Referral Orders

What is a Referral Order?

A Referral Order has been given to you because you have pleaded guilty to an offence and it is your first or second appearance at court. It can last from 3-12 months. It is a special type of court order because once you have completed it, your conviction is 'spent'. This means when you apply for most jobs or courses, you don't have to declare it. The Youth Offending Service can give you more information about when you would have to declare it, so ask them if you are unsure.

The purpose of the Referral Order is to stop you offending again in future.


What will happen after I leave court today?

In the next few days, you should receive a letter from the Youth Offending Service with two dates on it:

Assessment

The first date is for you to come in for an assessment. A member of staff from the Youth Offending Service will ask you all about yourself and what happened on the day you got into trouble. They will use this, plus other information from your parents/carers, school, social worker etc to write a report about you.

Initial panel meeting

The second appointment is for your panel meeting. This meeting is a restorative process where you will have the opportunity to read your report and meet with two specially trained volunteers from the community (called volunteer panel members) with your parent/carer. During this meeting you will be given the opportunity to talk about your thoughts and feelings around what happened and how to make amends. You will then be involved in agreeing a contract. The contract will include things that you must do while you have your order. The person harmed by your offence may also be invited.

The panel will aim to:

  • help you not to offend again
  • hear how the person harmed by your offence feels and/or how the local community has been affected
  • help you to put right some of the harm done

The court will have decided who is to attend, and in some cases where you are over 16 they may still order a parent or carer to attend. If your parent or carer fails to attend the panel meeting when the court has ordered them to, they will have to go back to court.

It is very important you attend these and all other appointments at the Youth Offending Service.


What could be in my contract?

The contract is made up of 2 parts:

1. Reparation

This means something you will do to make up for the harm you have caused through your offence. This could be saying 'sorry' to the person harmed, writing a letter of apology or doing something to help them. It could also involve helping the wider community, for example by doing community work or making a poster.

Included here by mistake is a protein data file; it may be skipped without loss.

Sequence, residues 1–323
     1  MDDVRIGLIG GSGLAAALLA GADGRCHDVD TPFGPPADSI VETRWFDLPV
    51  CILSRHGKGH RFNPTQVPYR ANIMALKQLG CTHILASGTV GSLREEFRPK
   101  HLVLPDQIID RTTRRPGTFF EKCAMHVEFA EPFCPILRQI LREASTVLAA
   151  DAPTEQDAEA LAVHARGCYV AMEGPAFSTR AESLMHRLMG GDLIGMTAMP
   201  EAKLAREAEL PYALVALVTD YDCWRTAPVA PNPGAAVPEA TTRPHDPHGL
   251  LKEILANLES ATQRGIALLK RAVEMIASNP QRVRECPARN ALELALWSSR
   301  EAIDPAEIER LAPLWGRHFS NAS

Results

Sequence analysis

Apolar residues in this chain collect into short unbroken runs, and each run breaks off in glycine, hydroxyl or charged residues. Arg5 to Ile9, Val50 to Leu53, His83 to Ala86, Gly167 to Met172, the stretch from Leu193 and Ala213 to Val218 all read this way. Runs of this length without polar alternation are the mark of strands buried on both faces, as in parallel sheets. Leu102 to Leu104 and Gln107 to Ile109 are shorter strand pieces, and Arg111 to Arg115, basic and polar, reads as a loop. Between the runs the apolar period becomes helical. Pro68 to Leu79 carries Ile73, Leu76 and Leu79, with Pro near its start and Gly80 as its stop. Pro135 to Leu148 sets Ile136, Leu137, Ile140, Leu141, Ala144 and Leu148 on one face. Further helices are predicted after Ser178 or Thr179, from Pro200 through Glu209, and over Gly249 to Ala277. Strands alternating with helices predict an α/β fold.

2. Session at the YOS

These are parts of the contract which are there to help you keep out of trouble in future. These could include seeing your Youth Offending Service officer to help you make better decisions, attending school regularly or seeing a drug and alcohol worker.

The contract should be agreed between everyone at the panel and you can help decide what should go in it to make sure you don't offend again.

Your referral order starts on the date you sign your contract, not the date you appeared in court.


What happens after my initial panel meeting?

Afterwards your Youth Offending Service officer will agree appointments with you. These could range from 3 appointments per week to 1 appointment every 2 weeks, depending how much help your assessment suggests you need. This will be explained to you.


What if I don't stick to my referral order?

If any of the following happens:

  • you don't attend any of your panel meetings
  • you don't manage to agree a contract with the panel
  • you refuse to sign the contract or any future versions of the contract
  • you don't complete any of the work in the contract
  • you miss more than 2 appointments without a valid reason
  • you behave unacceptably at the Youth Offending Service offices (further details are in the Youth Offending Service acceptable behaviour contract - your worker will go through this with you when you start your order)

the panel may decide to send you back to court. The court could then take away your referral order and put a more serious order in its place.


What if I do really well on my order?

If you have completed at least half your order and done everything in your contract, your worker can take your case back to court and ask the court to finish early.

We want to help you to move in with your life and put the offence behind you. We hope you will finish your referral order successfully.

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